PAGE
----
Limbo: The Twelve is one of the latest pair of musicals from the Royal Conservatoire of Scotland, allowing a group of talented young performes the opportunity to perform an original musical, creating their own characters rather than reinterpreting existing ones. In Limbo: The Twelve, the more mature of this year's pair, the young musical theatre talents adopt the roles of drug addicts, stoic law enforcement and grieving family members.
Limbo: The Twelve is a case of a talented group of performers occasionally biting off more than they can chew.
Tess, the musical's protagonist, is on the border between life and death. Various people involved in her death in various capacities gather in a purgatorial waiting room to decide whether or not they are going to intervene in her death and save her life. Through musical interludes and monologue confessions we discover the lives of the twelve people who make up this jury and their relationship with Tess as they deliberate over whether or not to intervene. As a concept, it's an interesting one, though with what seems to be a moral plothole in that there doesn't seem to be any punishment for intervening in saving someone's life, therefore when almost all the jury members initially refuse to intervene they are basically killing her themselves. As this forms the backbone of the show's emotional arc, it comes off as unrealistically callous and colours audience investment throughout.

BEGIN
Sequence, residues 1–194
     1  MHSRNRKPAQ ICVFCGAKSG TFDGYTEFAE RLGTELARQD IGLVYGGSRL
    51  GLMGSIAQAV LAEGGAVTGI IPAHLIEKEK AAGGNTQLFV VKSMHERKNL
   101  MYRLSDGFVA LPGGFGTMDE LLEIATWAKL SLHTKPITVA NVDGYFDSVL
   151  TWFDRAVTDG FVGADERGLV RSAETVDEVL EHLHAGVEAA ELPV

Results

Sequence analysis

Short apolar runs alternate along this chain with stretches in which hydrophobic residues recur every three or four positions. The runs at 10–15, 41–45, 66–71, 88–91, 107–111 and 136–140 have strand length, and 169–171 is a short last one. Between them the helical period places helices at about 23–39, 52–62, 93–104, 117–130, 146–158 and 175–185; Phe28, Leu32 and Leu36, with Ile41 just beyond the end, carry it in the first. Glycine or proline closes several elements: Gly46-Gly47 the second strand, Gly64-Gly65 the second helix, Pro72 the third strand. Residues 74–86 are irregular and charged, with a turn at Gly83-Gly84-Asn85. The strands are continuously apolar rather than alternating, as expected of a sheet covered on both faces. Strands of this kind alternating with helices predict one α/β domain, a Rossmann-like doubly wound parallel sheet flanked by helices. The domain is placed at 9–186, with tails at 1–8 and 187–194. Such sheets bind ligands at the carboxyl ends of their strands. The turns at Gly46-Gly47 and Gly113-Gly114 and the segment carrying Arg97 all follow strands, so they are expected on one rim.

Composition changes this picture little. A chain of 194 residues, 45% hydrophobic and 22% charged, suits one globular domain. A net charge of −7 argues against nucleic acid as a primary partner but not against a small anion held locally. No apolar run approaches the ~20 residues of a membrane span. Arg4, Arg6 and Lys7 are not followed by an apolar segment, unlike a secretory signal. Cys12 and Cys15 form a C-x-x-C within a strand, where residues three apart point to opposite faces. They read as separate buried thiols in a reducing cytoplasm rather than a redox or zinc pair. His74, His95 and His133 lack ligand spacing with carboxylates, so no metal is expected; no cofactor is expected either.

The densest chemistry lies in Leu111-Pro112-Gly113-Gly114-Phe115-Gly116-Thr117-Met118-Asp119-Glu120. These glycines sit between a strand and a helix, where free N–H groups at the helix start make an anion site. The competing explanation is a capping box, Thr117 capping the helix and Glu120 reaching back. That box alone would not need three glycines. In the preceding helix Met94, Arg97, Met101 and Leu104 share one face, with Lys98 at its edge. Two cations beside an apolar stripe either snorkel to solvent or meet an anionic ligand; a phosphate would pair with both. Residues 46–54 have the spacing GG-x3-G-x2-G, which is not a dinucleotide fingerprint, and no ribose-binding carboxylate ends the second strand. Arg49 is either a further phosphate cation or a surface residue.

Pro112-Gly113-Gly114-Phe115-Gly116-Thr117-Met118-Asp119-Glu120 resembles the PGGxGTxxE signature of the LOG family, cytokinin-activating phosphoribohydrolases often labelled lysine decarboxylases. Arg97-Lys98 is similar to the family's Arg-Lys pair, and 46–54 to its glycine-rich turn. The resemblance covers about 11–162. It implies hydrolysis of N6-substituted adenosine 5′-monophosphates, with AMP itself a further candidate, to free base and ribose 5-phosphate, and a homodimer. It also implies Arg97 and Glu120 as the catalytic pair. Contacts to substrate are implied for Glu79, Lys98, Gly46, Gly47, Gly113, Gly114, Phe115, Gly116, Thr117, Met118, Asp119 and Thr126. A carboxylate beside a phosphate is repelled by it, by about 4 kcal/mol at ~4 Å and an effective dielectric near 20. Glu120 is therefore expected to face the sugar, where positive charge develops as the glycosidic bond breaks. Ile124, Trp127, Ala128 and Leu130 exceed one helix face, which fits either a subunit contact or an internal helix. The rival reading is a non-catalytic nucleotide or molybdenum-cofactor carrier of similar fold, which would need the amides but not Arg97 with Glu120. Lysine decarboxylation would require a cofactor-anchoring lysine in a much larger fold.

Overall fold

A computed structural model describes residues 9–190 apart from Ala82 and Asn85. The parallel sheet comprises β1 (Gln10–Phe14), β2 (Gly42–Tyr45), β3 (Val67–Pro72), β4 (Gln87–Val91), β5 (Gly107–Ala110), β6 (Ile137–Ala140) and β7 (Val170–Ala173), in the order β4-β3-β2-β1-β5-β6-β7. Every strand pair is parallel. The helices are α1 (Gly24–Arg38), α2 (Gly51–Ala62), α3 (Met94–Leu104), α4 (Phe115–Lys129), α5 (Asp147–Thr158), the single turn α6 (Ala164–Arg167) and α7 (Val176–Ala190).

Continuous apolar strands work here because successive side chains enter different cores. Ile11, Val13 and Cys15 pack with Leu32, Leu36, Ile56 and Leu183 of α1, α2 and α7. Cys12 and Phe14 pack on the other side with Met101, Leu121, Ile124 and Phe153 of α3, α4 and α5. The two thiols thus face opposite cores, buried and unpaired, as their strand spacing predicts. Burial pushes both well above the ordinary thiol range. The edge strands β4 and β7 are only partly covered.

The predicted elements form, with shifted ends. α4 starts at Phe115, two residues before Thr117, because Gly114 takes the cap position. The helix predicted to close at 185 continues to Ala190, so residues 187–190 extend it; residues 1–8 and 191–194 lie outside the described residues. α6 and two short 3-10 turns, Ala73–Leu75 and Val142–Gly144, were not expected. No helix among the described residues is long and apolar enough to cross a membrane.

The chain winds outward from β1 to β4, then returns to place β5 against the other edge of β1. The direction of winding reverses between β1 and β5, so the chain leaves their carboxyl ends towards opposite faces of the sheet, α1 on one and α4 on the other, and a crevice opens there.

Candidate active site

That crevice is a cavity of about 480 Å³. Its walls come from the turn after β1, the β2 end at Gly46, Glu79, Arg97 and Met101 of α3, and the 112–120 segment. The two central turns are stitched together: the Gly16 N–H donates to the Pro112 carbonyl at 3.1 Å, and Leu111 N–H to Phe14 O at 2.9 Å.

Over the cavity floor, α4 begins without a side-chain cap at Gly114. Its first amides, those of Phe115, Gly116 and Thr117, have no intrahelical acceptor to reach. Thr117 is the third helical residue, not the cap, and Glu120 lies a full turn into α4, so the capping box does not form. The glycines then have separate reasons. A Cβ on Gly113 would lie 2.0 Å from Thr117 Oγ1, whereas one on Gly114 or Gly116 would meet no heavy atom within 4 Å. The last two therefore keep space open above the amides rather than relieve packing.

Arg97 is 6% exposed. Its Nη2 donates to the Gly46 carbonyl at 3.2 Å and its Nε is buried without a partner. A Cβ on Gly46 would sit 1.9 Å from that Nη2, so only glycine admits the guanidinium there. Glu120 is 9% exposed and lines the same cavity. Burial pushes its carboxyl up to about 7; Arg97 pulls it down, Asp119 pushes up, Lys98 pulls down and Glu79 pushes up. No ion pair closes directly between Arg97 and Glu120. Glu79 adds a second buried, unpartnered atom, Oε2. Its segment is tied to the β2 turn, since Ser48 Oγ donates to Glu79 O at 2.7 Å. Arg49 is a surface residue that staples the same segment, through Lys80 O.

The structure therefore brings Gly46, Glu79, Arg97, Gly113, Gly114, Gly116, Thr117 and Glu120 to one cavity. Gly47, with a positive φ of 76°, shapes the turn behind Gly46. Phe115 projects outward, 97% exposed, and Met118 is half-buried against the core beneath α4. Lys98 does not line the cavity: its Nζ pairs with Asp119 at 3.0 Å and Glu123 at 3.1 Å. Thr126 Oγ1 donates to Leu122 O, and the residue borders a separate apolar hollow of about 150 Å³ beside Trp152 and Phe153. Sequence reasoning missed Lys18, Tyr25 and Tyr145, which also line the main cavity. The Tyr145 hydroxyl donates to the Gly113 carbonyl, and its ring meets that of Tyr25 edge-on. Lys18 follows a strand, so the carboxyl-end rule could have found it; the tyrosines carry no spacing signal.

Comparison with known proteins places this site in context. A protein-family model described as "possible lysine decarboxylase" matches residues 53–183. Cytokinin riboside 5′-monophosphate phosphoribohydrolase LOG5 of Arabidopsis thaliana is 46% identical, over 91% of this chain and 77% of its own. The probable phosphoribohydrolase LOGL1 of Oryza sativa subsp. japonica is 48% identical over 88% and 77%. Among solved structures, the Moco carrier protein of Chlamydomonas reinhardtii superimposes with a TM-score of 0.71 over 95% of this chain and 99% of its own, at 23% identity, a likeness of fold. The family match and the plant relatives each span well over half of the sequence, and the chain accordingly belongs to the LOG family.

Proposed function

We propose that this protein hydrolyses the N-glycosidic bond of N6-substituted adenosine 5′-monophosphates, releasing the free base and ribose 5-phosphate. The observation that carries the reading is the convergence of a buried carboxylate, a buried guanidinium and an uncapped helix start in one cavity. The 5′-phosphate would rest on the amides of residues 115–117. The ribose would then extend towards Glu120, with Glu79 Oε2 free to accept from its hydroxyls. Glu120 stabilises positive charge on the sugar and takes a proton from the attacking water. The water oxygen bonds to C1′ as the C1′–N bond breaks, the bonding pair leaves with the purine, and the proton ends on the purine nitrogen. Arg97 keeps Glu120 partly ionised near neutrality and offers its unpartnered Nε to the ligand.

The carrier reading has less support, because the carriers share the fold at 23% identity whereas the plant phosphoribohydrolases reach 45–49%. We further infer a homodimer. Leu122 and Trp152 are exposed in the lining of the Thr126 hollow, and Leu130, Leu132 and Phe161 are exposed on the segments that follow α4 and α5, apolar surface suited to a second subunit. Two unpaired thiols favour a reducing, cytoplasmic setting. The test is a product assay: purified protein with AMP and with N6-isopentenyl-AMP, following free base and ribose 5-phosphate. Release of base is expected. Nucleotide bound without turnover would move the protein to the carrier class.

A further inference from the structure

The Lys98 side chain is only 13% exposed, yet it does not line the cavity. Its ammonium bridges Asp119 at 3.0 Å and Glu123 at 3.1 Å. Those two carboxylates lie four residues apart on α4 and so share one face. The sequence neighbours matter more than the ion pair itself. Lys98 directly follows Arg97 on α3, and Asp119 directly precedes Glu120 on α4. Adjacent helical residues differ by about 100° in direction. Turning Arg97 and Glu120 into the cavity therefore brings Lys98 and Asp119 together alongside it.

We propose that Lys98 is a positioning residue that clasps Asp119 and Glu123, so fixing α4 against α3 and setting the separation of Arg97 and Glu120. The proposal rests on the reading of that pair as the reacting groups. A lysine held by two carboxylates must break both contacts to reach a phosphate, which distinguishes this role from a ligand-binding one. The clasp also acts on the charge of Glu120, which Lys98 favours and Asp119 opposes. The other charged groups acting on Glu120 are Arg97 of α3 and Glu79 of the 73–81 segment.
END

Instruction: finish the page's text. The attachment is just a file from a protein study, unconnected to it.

The individual emotions contained within the show though are beautifully portrayed and as isolated vignettes some have real power. Imani Russell and Max Weinberg are highlights in smaller roles playing parts friends unwillingly involved in Tess' addiction. Similarly, Olivia Worley shines brightly when given the spotlight. The show's undoubted lead is Sarah Olive-McStay as Tess and she deserves the role wholeheartedly, lending raw emotion and intensity to a hugely difficult role.
Additionally, the music and lyrics by Jonathan Bauer and Casey Kendall is strong, with a duet set in a rehabilitation clinic both wonderfully written and performed. However the show's themes often seem too heavy a weight to hang over this young cast. From the 90s costuming to the neat narrative structure, it betrays the complex and difficult nature of addiction and recovery. Seeing people get convinced of the worthiness of someone's life through a three-minute solo strains credulity too often, no matter how talented the person performing it is.
Limbo: The Twelve is a case of a talented group of performers occasionally biting off more than they can chew. Struggling against weighty material, when they succeed they tug effectively at the heartstrings and the show often an effective emotional experience powered by talented performers.